November 12, 1993
Today is the anniversary of the death of Washington Post columnist and gardener Henry Clay Mitchell.
Henry wrote mainly about gardening and miscellaneous aspects of his daily Washington life. Pragmatic and humorous, Henry’s garden advice struck a chord with his readers. His weekly garden advice was compiled into two bestsellers named after his column Earthman.
A southerner and a gentleman, Henry found tranquility and restoration in his garden. Like most of us gardeners, Henry had his favorites. Of the Japanese Iris, Henry wrote,
“[It’s] a fine flower for anybody who thinks nothing can be too gaudy, too overstated, too imperial.
I have known rednecks who adored it.”
A dog lover, Henry recognized his garden didn’t exist in a bubble but was fully part of the natural world. Henry reflected,
“Squirrels eat a lot of bulbs --
they are in heaven when they find the cyclamen and crocuses --
but they keep the garden interesting for the family dog...
And besides, the squirrels are more attractive than the cyclamen probably would have been anyway."
And, Henry's obituary in the Washington Post shared his love of gardening:
“Gardening was a part of his life almost from the time he was born.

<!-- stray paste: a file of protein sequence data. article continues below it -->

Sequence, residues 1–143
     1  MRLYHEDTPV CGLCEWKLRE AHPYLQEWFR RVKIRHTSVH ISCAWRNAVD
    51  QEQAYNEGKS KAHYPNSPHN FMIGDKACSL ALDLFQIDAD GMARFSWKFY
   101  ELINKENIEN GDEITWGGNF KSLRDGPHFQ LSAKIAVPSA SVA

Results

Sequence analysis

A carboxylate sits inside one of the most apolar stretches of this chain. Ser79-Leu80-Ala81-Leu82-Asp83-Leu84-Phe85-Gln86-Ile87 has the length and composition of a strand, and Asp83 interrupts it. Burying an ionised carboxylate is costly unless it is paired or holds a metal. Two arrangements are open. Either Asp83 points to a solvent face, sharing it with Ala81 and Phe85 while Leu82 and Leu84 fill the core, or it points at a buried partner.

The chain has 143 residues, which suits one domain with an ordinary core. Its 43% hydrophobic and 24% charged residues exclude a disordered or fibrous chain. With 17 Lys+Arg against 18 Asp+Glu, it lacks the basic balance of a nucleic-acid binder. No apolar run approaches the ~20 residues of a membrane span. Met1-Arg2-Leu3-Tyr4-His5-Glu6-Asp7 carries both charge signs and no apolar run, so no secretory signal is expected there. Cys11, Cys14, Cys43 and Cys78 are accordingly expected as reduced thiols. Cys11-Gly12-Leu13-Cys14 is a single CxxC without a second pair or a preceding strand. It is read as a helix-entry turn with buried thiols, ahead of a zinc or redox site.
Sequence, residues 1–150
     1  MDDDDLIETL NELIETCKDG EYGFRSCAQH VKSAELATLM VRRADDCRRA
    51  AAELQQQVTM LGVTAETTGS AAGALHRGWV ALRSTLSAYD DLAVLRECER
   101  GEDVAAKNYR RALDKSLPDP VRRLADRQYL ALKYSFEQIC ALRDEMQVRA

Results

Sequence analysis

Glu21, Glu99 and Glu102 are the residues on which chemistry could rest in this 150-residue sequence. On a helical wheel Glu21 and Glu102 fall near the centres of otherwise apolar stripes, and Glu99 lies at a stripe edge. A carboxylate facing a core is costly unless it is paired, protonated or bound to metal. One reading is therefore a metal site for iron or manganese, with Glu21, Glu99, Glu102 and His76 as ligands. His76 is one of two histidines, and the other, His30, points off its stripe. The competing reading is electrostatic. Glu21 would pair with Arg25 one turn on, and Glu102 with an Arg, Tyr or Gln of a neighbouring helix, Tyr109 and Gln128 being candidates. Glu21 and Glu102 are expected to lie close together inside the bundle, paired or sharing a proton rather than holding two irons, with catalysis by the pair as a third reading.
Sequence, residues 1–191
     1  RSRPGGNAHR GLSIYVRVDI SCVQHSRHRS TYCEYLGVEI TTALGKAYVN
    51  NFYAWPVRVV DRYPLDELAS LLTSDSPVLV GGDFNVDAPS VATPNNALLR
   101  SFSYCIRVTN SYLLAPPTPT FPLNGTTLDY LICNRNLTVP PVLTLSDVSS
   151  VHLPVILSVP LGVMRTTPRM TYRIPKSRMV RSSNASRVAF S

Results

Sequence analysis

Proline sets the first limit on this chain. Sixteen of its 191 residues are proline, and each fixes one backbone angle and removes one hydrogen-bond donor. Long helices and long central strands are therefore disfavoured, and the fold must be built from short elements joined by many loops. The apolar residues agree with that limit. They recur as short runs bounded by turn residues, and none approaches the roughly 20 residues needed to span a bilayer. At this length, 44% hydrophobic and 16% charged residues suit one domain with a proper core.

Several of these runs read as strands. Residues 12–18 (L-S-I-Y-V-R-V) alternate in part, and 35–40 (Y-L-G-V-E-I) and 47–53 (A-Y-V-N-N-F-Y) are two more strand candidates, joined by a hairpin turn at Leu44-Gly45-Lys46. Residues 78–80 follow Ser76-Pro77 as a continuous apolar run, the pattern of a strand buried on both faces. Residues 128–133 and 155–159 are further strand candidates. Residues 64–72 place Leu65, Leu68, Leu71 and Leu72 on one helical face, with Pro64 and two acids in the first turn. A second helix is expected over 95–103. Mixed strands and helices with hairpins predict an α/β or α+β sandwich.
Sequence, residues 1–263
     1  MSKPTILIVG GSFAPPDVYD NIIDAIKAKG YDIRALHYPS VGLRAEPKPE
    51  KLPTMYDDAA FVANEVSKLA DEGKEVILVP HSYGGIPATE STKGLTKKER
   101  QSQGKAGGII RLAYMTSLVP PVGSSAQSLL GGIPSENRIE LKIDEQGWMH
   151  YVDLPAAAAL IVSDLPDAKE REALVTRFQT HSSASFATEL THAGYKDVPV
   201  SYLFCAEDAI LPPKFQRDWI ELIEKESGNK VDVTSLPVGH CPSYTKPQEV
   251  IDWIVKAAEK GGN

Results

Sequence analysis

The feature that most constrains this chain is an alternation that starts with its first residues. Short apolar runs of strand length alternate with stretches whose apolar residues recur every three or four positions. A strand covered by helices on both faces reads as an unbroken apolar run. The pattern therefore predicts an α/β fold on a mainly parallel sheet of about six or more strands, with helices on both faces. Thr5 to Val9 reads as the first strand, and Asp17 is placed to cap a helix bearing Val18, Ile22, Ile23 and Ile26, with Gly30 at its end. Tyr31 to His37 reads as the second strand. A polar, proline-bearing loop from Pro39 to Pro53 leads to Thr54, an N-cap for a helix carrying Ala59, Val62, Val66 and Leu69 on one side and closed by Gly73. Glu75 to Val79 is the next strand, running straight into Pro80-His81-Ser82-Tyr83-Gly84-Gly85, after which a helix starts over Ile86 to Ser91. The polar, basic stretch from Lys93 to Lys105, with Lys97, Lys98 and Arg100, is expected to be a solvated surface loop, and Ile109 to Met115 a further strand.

When he was a small boy, he would pick up autumn leaves or pluck the petals from tiger lilies and admire them when his mother took him walking.
He had a garden from the time he was old enough to work in it.
He could rattle off the Latin names of perhaps 3,000 plants.
He said, he learned about gardening because he was "passionately fond of flowers."
The failure of such projects as grafting a carnation onto a prickly pear cactus left him undaunted.”
And, if you have a steadfast love your garden - warts and all - you’ll feel a kinship with these words by Henry from his 1992 book One Man's Garden:
"It is agreeable to waddle about in one's own paradise,
knowing that thousands of others have better gardens
with better thises and thats,
and better grown too,
and no weeds at all…
To know this and grin
as complacently as a terrier who just got into the deviled eggs,
and to reflect
that there is no garden in England or France I envy,
and not one I'd swap for mine:
this is the aim of gardening —
not to make us complacent idiots, exactly,
but to make us content and calm for a time,
with sufficient energy (even after bitter wars with bindweed)
to feel an awestruck thanks to God that such happiness can exist.
For a few days, of course."